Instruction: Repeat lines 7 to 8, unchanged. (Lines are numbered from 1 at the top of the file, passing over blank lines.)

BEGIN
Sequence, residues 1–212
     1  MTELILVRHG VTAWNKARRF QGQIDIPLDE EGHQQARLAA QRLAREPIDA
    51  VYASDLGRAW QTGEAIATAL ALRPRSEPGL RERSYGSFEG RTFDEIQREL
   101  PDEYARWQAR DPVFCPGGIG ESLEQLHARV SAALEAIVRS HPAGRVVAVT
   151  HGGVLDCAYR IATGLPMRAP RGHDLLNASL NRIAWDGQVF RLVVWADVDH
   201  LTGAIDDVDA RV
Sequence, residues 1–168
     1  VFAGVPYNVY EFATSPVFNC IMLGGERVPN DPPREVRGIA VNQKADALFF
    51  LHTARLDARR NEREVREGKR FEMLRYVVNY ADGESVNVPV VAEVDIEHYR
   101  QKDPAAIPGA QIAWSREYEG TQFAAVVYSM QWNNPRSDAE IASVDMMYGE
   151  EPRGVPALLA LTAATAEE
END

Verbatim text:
Sequence, residues 1–168
     1  VFAGVPYNVY EFATSPVFNC IMLGGERVPN DPPREVRGIA VNQKADALFF